When boxer Heather Hardy made her professional MMA debut at Bellator 180, she needed to make an impression. There was no other way to construe a one-fight contract.
On Friday, she makes her second appearance for the Viacom-owned promotion, facing Kristina Williams (0-0 MMA, 0-0 BMMA) at Bellator 185. This time, though, it’s not such a do-or-die situation.
After a bloody beatdown of Alice Yauger in June, Hardy (1-0 MMA, 1-0 BMMA) signed a two-year contract with Bellator. The deal guarantees a minimum of four bouts. But more than that, it also allows her to make a living in boxing.
Rather than be held to one promoter and one sport, Hardy gets to choose.
“I’m pretty much flexible to do whatever makes sense,” she told MMAjunkie in advance of her Spike-televised fight at Mohegan Sun Arena in Uncasville, Conn. “If it’s a better deal with Bellator, then we do MMA. If boxing has a big opportunity for me, (I do boxing).
“The organizations want to see me do well, and they’re not interested in standing in the way of one another.”
Hardy still holds a contract with boxing promoter Lou DiBella. She estimates she spends 12 hours a day in the squared circle, coaching fighters at gym and training clients at the famed Gleason’s Gym in her hometown of Brooklyn, N.Y. But at the moment, she sees more opportunity in MMA.
“The way I see it is, the industry is not really willing to pay women moving forward,” she said. “If they can’t offer me a decent enough fight with a good opponent – I’m 20-0 and a two-time champion – I’m not interested in fights that don’t make sense.
“If they can’t pay these girls to come in and give the fans the fights they want to see, then it’s really not worth my time any more,” she said. “I’m really hopeful that, starting next year, promoters will be willing to bring in good competition and put on good women’s fights.”
Money motivated Hardy’s move away from boxing. But it was also expedited by MMA’s passage in her home state. After a nearly 20-year ban on MMA was removed and the sport was legalized, increased insurance requirements forced several New York-based boxing promoters, including DiBella, to cancel events.
Without a place to ply her trade, Hardy, the WBC’s international female featherweight champ, needed a way to provide for herself and her family.
Although she hasn’t quit her day job as a boxing coach and trainer, Hardy is breathing a bit easier now that she knows she’ll be fighting regularly.
“It does help me financially in the long run, knowing that I have certain paychecks coming my way,” she said. “The last month hasn’t been great, because I don’t get paid up front for them all. But it’s nice to know that over the next two years, I’ll be in a better spot financially. The more you work, the more you get paid.”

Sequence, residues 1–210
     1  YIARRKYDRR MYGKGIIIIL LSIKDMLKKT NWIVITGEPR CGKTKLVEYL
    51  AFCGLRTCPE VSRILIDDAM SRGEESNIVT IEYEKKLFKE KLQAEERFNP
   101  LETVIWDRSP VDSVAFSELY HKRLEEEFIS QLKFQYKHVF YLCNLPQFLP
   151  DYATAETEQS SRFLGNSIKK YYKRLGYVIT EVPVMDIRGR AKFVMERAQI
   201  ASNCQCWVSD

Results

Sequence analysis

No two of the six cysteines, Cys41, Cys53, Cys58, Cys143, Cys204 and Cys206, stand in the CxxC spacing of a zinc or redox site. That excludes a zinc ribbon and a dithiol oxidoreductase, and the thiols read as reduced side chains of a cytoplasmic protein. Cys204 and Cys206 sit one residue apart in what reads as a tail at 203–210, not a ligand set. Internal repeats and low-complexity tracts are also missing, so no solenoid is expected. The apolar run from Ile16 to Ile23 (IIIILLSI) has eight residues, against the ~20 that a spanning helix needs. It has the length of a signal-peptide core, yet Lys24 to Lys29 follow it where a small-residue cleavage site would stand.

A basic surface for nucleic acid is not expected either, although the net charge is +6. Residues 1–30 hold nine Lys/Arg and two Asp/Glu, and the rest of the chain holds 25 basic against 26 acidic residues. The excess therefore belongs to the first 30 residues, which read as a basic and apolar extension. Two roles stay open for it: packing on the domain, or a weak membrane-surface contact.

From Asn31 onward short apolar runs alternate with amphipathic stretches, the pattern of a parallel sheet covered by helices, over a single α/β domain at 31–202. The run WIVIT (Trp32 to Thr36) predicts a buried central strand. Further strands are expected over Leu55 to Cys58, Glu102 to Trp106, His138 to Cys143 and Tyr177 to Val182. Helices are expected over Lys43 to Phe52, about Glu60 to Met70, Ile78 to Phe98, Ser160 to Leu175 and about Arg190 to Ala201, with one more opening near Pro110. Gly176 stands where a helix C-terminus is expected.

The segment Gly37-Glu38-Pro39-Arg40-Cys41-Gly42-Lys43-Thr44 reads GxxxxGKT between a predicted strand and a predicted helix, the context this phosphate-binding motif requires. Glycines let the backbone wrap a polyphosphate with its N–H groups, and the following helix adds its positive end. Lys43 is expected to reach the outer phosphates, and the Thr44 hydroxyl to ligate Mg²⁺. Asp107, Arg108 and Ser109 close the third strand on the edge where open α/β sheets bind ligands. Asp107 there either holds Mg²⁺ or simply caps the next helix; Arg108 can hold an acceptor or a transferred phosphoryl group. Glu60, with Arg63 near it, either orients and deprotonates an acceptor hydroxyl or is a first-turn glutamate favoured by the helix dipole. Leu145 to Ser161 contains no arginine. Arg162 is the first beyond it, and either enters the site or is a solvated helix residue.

For her second bout, Hardy wants to put on the type of performance that keeps her phone ringing. She’s working hard to acclimate herself to range and speed of MMA. She grades her debut a C-plus based on a slow start and thinks she’ll be a greater threat with more experience in the gym.
“The first one was really an introduction, trying to cover all the bases just so that I knew what was going on in any particular situation,” she said. “It was like glossing over all the areas, because I kind of fast-forwarded and jumped feet-first into a fight at the Garden.
“I focused less on my boxing (for the second camp), and more on kickboxing and striking and jiu-jitsu, so I’m already acclimated and accustomed to fighting that fight.”
Hardy earned wide recognition from MMA fans for her aggressive comeback in the second and third round of her debut. But her personality also won notice from the MMA media, which caught her off guard after so many years of obscurity in boxing.
“It’s so nice to finally get recognition,” she said. “I worked so hard in boxing, and nobody really knew my name. After that one fight, I kind of skyrocketed overnight.”
She’s still got a long ways to go before she’s a household name. But now, there’s a foundation to build her name as a crossover star in combat sports.
“I’m still working two jobs and taking care of my daughter,” she said. “I don’t have that luxury where I can go away for a six-week fight camp and have a nanny take my daughter back to school. I’m not there yet. So it’s nice (to have the new deal), because it seems like I can be there one day.”view original article >>